LGBTQ organizations urge New York City Council to override Mayor Bloomberg’s opposition to historic bill to ban discriminatory profiling by NYPDAround the Nation, Breaking News, Online Only, Top Highlights Monday, July 29th, 2013
NEW YORK – Today, national and international LGBT organizations – including the National Gay and Lesbian Task Force, Lambda Legal, the National Black Justice Coalition, the National Coalition of Anti-Violence Programs, the International Gay and Lesbian Human Rights Commission, and GLAAD – joined with local LGBTQ organizations to urge New York City legislators to defend historic legislation banning discriminatory police profiling against a veto by Mayor Michael Bloomberg.
“We know all too well the impact that police profiling has on marginalized communities. LGBT people – especially transgender people and LGBT people of color – are unjustly targeted by law enforcement for harassment and policing at unbelievably high rates,” said Darlene Nipper, deputy executive director of the National Gay and Lesbian Task Force. “The National Gay and Lesbian Task Force applauds the New York City Council for passing this historic law and urges all Council Members to stand up for equality and vote to override Mayor Bloomberg’s veto.”
The passage of the legislation made history just hours after the U.S. Supreme Court struck down the Defense of Marriage Act by creating the first enforceable ban against police profiling based on sexual orientation and gender identity, alongside race, religion, immigration status, age, gender, housing status, disability, and HIV status.
The statement issued by 34 local and national LGBTQ organizations noted that “from Stonewall to stop and frisk, LGBTQ people – and particularly LGBTQ people of color, LGBTQ youth and transgender and gender nonconforming people – have long been targets of profiling and other forms of discriminatory policing. The consequences have ranged from death to deportation, assault to arrest, homophobic harassment to humiliation.”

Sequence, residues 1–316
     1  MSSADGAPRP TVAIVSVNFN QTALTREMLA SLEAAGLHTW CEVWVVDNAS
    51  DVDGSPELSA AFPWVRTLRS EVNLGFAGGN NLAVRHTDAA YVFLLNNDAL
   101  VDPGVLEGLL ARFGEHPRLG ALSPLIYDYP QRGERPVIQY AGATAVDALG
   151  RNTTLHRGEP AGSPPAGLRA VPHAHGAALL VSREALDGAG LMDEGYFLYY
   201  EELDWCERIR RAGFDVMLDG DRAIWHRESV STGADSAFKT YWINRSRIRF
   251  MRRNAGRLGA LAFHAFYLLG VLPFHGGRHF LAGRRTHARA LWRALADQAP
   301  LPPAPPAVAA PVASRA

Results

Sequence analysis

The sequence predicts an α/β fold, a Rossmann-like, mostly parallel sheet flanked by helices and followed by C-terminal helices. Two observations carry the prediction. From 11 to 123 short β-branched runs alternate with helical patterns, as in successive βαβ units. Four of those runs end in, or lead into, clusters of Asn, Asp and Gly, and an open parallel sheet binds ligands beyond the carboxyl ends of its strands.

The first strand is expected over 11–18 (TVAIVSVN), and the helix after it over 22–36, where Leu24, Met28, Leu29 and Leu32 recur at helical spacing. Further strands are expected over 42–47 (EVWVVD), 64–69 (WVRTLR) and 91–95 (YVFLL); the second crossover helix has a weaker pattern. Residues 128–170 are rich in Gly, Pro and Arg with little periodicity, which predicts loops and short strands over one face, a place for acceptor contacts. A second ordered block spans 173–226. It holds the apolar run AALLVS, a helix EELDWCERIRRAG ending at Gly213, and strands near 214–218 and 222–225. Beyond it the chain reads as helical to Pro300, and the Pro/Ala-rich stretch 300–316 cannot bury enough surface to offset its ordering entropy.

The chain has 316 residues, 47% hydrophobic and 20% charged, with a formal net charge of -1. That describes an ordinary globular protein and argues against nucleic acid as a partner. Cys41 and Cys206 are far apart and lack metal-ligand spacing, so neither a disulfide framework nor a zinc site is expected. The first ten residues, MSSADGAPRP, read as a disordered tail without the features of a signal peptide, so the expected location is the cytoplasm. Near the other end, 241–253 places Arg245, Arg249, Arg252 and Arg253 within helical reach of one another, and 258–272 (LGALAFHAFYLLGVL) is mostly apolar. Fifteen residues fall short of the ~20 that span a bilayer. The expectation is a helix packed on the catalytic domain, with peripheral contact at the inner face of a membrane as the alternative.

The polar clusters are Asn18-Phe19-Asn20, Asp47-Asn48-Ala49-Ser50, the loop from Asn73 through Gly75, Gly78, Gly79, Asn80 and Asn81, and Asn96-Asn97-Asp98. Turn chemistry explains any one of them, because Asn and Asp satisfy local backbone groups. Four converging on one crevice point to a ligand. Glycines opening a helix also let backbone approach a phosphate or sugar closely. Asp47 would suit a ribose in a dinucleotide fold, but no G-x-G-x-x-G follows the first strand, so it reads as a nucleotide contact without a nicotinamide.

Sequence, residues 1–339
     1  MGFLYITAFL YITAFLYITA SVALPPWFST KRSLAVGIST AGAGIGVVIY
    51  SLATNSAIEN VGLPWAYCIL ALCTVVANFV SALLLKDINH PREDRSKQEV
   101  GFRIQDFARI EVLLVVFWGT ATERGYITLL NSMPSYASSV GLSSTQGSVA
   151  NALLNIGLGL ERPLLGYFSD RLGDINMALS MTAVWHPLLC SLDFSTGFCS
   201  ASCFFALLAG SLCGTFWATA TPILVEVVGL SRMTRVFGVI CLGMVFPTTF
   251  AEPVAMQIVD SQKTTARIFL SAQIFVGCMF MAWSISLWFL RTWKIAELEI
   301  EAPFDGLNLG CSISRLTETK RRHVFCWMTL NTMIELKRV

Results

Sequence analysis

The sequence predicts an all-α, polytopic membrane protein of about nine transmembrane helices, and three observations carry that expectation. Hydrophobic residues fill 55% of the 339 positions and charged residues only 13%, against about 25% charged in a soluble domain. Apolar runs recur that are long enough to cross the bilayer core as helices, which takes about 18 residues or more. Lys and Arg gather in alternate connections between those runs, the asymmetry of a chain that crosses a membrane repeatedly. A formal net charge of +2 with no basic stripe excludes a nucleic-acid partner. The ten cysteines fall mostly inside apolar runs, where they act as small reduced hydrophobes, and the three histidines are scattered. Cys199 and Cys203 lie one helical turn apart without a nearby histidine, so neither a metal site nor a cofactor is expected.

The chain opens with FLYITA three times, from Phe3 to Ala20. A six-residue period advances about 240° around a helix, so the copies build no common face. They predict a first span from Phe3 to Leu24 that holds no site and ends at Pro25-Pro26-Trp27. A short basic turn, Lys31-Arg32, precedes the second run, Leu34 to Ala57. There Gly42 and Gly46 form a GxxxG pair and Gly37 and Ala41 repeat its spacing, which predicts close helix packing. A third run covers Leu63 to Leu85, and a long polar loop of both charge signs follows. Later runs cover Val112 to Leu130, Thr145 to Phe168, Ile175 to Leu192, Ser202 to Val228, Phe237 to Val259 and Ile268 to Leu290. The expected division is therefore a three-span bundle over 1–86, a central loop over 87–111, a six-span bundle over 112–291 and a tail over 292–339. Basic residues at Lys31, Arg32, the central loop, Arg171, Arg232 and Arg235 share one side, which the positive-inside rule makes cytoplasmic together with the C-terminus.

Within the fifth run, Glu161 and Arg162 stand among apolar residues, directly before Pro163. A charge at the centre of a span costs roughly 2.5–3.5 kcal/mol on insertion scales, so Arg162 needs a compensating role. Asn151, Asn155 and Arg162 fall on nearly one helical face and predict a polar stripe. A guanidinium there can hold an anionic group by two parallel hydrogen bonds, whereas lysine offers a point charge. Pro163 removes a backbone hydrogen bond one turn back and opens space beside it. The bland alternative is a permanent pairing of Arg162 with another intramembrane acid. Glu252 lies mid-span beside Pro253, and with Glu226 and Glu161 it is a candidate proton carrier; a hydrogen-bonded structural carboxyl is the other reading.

The statement’s signatories called on legislators to “continue to stand firm with LGBTQ people and communities of color, and to vote against efforts to veto this landmark legislation and turn back the clock on this victory. The safety of LGBTQ New Yorkers depends on it.”
“New York City has an opportunity to be a national leader by ending profiling that unfairly targets people based on their characteristics, including LGBT people and all people of color. Lambda Legal’s national survey of police and other government misconduct highlights the ways police profiling and violence impacts LGBT people and people with HIV,” stated Beverly Tillery, Director of Community Education and Advocacy at Lambda Legal. “Twenty-five percent of all respondents to our survey with recent police contact reported at least one type of misconduct or harassment such as verbal assault, sexual harassment, physical assault or sexual assault. Respondents of color, those who were low-income, and transgender respondents all were much more likely to report having experienced at least one type of this misconduct. These measures are an important step toward building a better relationship between the NYPD and our communities.”
According to The National Coalition of Anti-Violence Programs (AVP) report Hate Violence Against Lesbian, Gay, Bisexual, Transgender, Queer and HIV-Affected Communities in the United States in 2012, AVP found that in New York City in 2012 nearly 40 percent of survivors interacting with the NYPD reported police misconduct. Reports of police misconduct increased significantly from 8 in 2011 to 78 in 2012. The report also found that survivor reports of hostile attitudes from police doubled in 2012, with 43 reports, up from 21 in 2011.
A vote on the Mayor’s veto is expected in August of this year.
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